A few weeks ago, I was asked to contribute a few recent titles to one of our weekly lists: “Books Dying for a Sequel.” I believe I said something snarky about how, in the world of kids’ books, particularly those for teens, a book without a sequel is a precious rarity. But the exercise got me thinking about one book I really wished had a sequel: The Race to Save the Lord God Bird, by Phillip Hoose, about the last days of the ivory-billed woodpecker.
Reading it was exhilarating, even though I knew the ending from the beginning. Hoose opens with an unforgettable scene in which an early American ornithologist carries a wounded ivory-bill to his hotel room—which the bird promptly destroys. His admiration for the woodpecker and his intense sorrow at its extinction pervade the account, which is braided through with the stories of those who hunted and killed it and those who tried desperately to save it. Those last moments in the Louisiana swamp when a group of Audubon Society staffers go to say goodbye to the last remaining ivory-bill brought tears to my eyes.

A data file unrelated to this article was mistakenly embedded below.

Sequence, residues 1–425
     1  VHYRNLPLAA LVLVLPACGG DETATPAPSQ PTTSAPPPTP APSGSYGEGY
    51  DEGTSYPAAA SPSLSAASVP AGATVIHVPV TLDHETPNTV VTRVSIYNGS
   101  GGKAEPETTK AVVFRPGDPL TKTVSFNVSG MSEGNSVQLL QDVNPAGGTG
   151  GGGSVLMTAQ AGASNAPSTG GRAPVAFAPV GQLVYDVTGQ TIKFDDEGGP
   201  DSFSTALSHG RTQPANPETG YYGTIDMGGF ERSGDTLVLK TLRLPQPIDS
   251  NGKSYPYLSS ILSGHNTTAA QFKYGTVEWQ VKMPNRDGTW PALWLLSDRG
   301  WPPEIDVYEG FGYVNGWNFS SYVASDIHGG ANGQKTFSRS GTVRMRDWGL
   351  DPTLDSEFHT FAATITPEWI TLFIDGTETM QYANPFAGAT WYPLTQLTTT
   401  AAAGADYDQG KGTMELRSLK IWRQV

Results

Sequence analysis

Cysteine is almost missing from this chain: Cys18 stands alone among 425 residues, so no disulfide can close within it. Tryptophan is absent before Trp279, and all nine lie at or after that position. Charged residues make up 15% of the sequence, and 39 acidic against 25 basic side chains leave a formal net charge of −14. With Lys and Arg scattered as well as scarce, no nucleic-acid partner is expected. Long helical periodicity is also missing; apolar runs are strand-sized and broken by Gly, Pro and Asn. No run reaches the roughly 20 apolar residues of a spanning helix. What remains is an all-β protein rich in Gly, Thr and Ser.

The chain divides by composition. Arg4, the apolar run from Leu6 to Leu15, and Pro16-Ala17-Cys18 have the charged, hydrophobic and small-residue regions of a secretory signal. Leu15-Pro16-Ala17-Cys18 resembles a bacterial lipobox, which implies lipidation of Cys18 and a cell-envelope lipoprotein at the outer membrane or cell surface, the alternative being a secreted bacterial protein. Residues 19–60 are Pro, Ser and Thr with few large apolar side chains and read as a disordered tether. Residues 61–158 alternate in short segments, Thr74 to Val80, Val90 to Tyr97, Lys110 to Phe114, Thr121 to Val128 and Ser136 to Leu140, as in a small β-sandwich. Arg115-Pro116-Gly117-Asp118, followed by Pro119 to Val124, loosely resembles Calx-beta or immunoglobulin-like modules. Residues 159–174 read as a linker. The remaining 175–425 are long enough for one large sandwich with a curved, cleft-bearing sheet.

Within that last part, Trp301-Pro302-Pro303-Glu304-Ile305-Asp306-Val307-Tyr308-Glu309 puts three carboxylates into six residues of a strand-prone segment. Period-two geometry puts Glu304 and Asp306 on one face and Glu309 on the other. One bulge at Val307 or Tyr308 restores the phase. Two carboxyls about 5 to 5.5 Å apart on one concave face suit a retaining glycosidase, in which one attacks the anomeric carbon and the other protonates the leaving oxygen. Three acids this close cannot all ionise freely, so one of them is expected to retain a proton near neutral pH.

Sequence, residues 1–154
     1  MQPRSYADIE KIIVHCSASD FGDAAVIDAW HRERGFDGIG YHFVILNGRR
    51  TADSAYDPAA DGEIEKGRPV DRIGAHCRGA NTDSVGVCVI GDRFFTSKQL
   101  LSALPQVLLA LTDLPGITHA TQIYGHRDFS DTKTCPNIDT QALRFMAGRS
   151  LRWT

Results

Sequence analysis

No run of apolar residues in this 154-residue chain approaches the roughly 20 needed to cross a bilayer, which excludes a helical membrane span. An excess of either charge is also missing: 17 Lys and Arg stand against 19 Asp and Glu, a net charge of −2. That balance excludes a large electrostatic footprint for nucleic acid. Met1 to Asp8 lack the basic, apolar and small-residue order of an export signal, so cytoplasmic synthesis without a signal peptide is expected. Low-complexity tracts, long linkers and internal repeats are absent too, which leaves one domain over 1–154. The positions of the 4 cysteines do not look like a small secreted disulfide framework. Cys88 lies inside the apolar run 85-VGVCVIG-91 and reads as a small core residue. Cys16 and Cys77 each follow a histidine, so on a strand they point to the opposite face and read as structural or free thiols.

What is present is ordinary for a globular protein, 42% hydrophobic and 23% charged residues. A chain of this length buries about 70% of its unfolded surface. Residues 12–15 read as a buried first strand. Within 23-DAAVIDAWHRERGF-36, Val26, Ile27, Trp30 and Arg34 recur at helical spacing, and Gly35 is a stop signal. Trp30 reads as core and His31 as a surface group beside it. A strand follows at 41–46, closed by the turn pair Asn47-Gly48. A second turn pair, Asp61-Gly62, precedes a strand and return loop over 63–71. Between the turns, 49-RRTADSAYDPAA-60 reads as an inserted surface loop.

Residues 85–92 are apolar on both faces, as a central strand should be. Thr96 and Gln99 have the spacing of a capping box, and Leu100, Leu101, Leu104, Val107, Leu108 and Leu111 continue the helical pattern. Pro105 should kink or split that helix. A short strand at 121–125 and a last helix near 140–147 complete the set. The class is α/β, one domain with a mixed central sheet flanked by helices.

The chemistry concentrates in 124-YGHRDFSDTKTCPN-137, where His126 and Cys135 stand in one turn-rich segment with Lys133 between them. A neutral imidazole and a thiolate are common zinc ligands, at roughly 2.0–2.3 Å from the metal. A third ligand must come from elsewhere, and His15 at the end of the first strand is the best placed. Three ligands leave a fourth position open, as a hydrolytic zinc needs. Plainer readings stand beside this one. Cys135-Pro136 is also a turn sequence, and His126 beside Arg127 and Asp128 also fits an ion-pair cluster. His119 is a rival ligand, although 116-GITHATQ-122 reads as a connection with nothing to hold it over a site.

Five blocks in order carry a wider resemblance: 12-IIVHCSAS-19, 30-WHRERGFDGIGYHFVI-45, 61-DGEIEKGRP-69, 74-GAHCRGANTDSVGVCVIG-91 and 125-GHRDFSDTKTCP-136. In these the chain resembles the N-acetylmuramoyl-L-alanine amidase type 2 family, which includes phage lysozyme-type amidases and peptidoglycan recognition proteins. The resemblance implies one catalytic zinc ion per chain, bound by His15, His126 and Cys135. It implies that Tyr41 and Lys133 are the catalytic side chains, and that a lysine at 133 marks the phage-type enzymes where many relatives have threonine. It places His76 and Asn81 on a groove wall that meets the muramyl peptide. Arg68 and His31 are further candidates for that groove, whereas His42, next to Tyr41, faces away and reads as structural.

And, oh, how I wanted a sequel, one in which somehow, somewhere, a healthy breeding population of ivory-bills is discovered. Miraculously, nine months after the publication of The Race to Save the Lord God Bird, it appeared that my sequel might happen: The ivory-bill had been spotted—maybe—in an Arkansas swamp.
Well, the intervening nine years haven’t produced a full-fledged sequel, but there is now a 10th-anniversary, revised and updated edition. In it, Hoose expands his introduction and includes a chapter recounting those heady days when we thought that maybe, just maybe, the ivory-bill had dodged the extinction bullet. Alas, we still don’t know.
I am still “hoping against history,” as Kirkus’ review of the original book said, for a sequel, but for now, this will do.Vicky Smith is the children’s & teen editor at Kirkus Reviews.